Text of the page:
What do the future of American Orchestras and the America’s Cup have in common?

The America’s Cup and the American Orchestra have more in common than you might think, as Cheeko Matsusaka explores in this blog post. Originally from Newton, Massachusetts, Cheeko Matsusaka currently lives in Sarasota, Florida where she is a cellist with the Sarasota Orchestra. Hers is the first of three winning blog posts from our recent American Orchestra Forum blog contest.

Blog contest winner Cheeko Matsusaka

Have we all focused too much on the [America’s] Cup’s proven past rather than understanding its potential? As such, the resulting changes are substantial. It is crucial to end the uncertainty and lay the groundwork for continuity. To put in place a calendar of regular racing; exciting racing that is shorter and sharper and more spectacular. Racing that matches the expectations of the Facebook generation, not the Flintstone generation.

— Russell Coutts, CEO Oracle Racing

What does the future of American Symphony Orchestras and the America’s Cup have in common? Aside from San Francisco, quite a lot. I’ve been following the event since the late 90′s and have always felt a strange sort of empathy for the Cup. It seems to share a common thread with professional music’s efforts to honor traditions and still allow the art to grow and have relevance to in a modern world. Both share the potential for breathtaking displays of beauty and power, but suffer from the old stereotype of closed doors and aloofness. Both struggle to dispel those misconceptions without alienating those who already support it. Both are trying to reach out to a new generation by jumping head first into the overwhelming mass of new technologies. The American Orchestra thoughtfully hesitates at this precipice, but the America’s Cup has the taken the fateful leap. I am watching carefully and taking detailed notes. If the planned America’s Cup event can maneuver a safe landing, they will serve as a standard bearer of adaptation and evolution in an era plagued by threats of extinction.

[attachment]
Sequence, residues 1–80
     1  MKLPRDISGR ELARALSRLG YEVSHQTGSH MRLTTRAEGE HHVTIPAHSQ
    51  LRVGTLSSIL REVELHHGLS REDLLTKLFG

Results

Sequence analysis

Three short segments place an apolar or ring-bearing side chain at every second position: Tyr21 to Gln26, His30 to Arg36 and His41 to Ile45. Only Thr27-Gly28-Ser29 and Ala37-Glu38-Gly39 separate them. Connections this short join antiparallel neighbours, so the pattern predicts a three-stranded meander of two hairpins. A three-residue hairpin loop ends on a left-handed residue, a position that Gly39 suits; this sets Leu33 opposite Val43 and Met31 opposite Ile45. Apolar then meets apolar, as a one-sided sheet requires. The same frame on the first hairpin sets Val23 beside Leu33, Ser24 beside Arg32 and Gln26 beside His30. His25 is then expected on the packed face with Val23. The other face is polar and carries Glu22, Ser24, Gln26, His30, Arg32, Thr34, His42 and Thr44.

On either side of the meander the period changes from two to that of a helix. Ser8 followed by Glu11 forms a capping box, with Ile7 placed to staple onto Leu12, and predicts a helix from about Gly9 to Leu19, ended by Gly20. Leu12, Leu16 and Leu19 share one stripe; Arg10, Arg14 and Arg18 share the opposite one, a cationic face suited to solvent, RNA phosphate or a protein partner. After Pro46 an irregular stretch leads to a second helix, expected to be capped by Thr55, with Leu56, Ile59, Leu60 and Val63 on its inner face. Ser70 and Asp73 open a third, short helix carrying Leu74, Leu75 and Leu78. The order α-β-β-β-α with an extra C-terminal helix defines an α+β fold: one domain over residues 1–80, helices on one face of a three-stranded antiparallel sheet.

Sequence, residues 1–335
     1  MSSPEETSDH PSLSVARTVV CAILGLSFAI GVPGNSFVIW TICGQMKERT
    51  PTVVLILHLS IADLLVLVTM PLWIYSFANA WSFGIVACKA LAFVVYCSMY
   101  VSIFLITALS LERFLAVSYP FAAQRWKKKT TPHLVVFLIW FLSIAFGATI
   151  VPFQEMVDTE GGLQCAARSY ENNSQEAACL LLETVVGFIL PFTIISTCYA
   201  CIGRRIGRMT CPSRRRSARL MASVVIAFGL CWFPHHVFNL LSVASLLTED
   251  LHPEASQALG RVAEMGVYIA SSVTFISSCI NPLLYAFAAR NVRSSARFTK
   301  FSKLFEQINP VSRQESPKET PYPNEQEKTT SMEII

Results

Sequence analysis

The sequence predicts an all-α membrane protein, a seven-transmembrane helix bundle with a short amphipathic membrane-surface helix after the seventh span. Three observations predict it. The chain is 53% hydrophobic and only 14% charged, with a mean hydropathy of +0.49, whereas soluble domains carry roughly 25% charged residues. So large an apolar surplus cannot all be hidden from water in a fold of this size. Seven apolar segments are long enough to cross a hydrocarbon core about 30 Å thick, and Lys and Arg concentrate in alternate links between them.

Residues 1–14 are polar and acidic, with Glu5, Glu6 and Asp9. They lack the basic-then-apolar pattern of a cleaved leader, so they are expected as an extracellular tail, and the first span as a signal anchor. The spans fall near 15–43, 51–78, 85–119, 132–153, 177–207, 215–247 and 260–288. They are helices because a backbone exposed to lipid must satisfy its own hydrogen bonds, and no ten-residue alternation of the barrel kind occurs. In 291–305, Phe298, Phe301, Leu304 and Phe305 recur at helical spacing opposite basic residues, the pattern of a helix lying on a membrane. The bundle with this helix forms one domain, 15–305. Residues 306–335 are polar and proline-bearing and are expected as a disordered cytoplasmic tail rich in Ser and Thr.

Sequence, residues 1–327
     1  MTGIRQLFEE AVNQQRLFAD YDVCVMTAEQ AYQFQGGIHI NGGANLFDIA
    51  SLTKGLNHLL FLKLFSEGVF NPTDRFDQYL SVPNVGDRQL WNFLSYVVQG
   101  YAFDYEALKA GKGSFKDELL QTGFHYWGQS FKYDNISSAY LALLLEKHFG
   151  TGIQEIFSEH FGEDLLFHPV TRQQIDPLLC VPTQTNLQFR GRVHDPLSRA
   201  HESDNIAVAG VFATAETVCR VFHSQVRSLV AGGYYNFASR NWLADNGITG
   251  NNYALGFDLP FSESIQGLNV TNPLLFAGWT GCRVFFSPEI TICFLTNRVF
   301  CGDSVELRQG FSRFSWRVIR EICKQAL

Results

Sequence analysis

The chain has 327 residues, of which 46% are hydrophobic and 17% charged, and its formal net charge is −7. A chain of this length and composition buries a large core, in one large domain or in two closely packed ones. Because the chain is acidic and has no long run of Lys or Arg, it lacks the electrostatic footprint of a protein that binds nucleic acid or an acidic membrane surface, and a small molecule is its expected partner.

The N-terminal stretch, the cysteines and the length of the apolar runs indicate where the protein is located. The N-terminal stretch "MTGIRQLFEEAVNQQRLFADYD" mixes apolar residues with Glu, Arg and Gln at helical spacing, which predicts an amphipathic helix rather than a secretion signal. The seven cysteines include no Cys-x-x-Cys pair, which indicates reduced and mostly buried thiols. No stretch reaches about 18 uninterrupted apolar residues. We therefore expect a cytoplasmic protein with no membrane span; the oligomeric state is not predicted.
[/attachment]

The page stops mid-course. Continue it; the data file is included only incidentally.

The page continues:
The thread between Orchestras and the America’s Cup resurfaced when I was having a bit of a disagreement with one of my colleagues. We were talking about a web and Facebook page for the musicians in my orchestra. The colleague thought we should focus our energies on a static webpage and forget about Facebook. He thought Facebook was a fad that would run its course. In addition, he feared we risked alienating people who didn’t do Facebook. Was he serious? Yes, he was serious and to my growing frustration, he wasn’t the only person in the conversation who chimed in on the worthlessness of social networks. My jaw dropped. Yaba daba doo… I went home that night and started work on a web page and blog. Then in mock defiance, I created a Facebook page and did the unthinkable. I joined Twitter. Did I know what to do? Of course not, but I knew we had to. Ignoring social media was simply not an option. I had seen what happens when social networking is discounted. That was back in 2003 during the Louis Vuitton and America’s Cup campaigns.

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